What Is the Maximum Module Weight of the CP690?
The CP690 produces 4500 to 5500 pound cotton round modules, wrapped eight-foot-wide by 94 inches in diameter. This size bale meets the same specifications to be able to fit in standard module transporting trucks. Gin personnel are going to expect to be able to process the cotton they receive, and with a few modifications to the gin module feeder and machinery needed to break up the bales, from only processing the standard square modules in days past, they are equipped to process the cotton from raw form to a cleaned baled product which is what’s needed for making the end product the consumer will see.
How Many Modules Can the CP690 Wrap?
The machine’s wrap magazine is able to hold enough wrap to wrap 120 round modules of cotton before reloading the rolls. Because it’s not a conventional basket style machine, the CP690 can bale cotton all day long, according to how much work is expected to be accomplished during a regular work shift. It’s going to bale more cotton than typically expected and produce much less waste, but even so, the cotton Modules which might be scattered around the field do have to be picked up later. Because of the way the CP690’s system works, the picker requires less support labor on the ground to help the machine operator, as the CP690 does the bulk of the work itself. It saves time with the process even with consideration of having to go back through to collect the modules, and it saves labor expense along without having the need to rely on additional people on the ground.
How Many Row Units Does the CP690 Have?
The six row units offer adjustable spacing for different farms and the different breeds grown in various regions which may need wide or narrow rows. Not only are the row units adjustable, but they’re also designed to be easily adjustable by a single person, and they allow for fine tuning to assure the most precise harvest with less waste than may be expected of traditional cotton-picking equipment.
What Pro Units Are Available for Usage on the Cotton Picker 690?
The CP690 uses the John Deere roller and crank PRO series system which easily moves around the Pro 16 or Pro 12 Series Picking Units. The system is well known for both reliability and versatility, as it is a simple means of conducting the task being built of high-quality parts. The versatility comes from its simple hand crank, which is stored on the picking unit, and wide range of adjustability for different row sizes, whether a specific farm needs to set it once for planting crops in the same row width or if they need to adjust it for different breeds of cotton grown throughout a single season. The variety of cotton needed may change each year according to market demands.
How Large Is the Fuel Tank on the CP690?
In direct terms, the fuel tank holds 370 gallons or 1401 liters of diesel fuel. Additionally, the unit has a 16 gallon, or 61-liter, diesel exhaust fluid (DEF) tank used to mix with the regular fuel in order to reduce air pollution. What those figures mean in real time is there is generally enough fuel to last for an entire day of harvesting, reducing the downtime of having to refuel during the middle of the day or toward the end of a day’s work expectations. The picker was designed with the needs of farmers in mind and was built to maximize performance efficiency.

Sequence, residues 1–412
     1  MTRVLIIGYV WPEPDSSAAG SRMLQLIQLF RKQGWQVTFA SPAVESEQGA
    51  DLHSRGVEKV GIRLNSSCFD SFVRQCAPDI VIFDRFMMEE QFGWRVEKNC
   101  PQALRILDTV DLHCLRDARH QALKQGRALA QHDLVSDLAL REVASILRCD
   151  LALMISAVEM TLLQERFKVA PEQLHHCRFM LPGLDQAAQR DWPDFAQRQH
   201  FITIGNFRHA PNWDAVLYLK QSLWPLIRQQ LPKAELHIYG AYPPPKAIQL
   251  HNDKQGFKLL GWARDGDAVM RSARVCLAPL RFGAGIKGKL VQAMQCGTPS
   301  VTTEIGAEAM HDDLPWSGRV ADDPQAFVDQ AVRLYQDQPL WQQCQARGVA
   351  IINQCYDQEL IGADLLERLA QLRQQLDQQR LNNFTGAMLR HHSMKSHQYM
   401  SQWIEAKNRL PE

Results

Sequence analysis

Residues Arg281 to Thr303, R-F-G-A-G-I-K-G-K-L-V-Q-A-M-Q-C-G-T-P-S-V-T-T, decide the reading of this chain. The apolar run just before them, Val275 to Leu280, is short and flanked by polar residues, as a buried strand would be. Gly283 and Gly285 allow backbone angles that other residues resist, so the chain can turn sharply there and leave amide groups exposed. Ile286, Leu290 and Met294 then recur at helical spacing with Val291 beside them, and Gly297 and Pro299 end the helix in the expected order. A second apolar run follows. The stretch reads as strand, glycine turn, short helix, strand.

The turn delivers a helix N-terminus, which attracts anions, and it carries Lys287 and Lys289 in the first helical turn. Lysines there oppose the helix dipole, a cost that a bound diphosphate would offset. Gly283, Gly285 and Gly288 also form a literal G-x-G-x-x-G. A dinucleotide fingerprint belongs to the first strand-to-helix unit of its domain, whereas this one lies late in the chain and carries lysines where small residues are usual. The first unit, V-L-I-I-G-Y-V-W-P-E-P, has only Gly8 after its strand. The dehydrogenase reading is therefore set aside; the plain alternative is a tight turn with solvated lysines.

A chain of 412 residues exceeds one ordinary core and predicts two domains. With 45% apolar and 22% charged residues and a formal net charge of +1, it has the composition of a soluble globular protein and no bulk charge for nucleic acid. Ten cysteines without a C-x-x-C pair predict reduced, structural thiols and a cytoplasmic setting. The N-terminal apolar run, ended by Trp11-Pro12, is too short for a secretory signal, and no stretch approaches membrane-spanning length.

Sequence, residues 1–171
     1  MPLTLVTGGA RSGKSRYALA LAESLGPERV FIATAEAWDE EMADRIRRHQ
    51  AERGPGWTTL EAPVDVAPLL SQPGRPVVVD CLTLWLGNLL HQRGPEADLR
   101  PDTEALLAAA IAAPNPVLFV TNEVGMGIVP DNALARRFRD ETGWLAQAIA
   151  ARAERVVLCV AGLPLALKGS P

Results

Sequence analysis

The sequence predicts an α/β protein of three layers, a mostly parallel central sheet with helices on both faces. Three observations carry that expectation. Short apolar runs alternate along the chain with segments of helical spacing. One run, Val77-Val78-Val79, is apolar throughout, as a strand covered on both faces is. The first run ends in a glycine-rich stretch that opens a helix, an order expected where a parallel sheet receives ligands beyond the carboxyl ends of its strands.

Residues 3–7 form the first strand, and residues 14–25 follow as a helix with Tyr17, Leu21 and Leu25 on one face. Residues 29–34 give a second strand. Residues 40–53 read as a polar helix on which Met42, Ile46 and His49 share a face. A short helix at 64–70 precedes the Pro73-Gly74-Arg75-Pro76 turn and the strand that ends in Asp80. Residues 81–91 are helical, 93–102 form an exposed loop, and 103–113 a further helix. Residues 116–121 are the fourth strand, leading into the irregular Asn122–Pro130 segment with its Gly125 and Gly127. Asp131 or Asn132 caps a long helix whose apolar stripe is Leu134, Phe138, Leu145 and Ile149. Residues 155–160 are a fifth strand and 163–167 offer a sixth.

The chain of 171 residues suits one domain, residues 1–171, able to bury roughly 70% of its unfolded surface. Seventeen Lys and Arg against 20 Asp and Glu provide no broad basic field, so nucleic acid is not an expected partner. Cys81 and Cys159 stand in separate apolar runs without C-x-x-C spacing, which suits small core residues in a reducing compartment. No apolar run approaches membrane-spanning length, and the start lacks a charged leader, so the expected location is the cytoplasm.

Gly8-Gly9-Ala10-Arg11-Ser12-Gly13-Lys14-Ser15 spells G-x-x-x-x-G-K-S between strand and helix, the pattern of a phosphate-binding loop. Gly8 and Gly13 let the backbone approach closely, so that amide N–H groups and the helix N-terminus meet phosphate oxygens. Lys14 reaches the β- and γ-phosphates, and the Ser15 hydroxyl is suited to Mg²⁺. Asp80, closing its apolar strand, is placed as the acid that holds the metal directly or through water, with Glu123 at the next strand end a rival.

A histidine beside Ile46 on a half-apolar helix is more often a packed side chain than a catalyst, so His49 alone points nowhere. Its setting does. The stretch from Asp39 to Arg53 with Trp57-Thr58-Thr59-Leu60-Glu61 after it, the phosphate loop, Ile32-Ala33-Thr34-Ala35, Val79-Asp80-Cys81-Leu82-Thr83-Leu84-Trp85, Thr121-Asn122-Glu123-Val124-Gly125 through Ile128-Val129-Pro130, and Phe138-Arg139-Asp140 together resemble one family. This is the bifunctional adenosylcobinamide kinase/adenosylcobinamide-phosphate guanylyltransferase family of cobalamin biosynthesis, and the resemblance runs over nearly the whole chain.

How Large Is the Water Tank for the Moistener System on the CP690?
The CP690 uses a Quick-Fill system which holds 360 gallons in the water tank to keep the equipment clean throughout the day. Just like the fuel system, the moistener system was designed for the needs of a commercial farmer who needs to spend working hours in the field rather than having to waste time conducting refills. Of course, picking is a messy job, the moistener system keeps the machine clean enough to keep running during the day, but it does need additional cleaning after the harvest is finished. It’s important to know your machine and field conditions to know if your machine needs cleaning more often, so keep a good eye on it.
Do You Need Replacement Parts for your John Deere CP690?
The John Deere CP690 is designed for industrial cotton farming, and like all other professional John Deere equipment, cotton harvesters were engineered with the input of experienced farmers to meet the stringent needs of daily field work. Although it is one of the well-known strongest brands of field equipment, even John Deere machines will require maintenance or repairs from time to time. In such cases, be sure to contact us at Certi-Pik, USA for quality aftermarket parts. By replacing parts with appropriate top-quality parts, you assure your equipment will be properly fixed and ready to continue performing for years to come. Each of our representatives understands the importance of your equipment, and will be happy to discuss your needs and help you make sure to order the right part and offer advice on the repair so you can get back to work as soon as possible with full confidence in your machinery.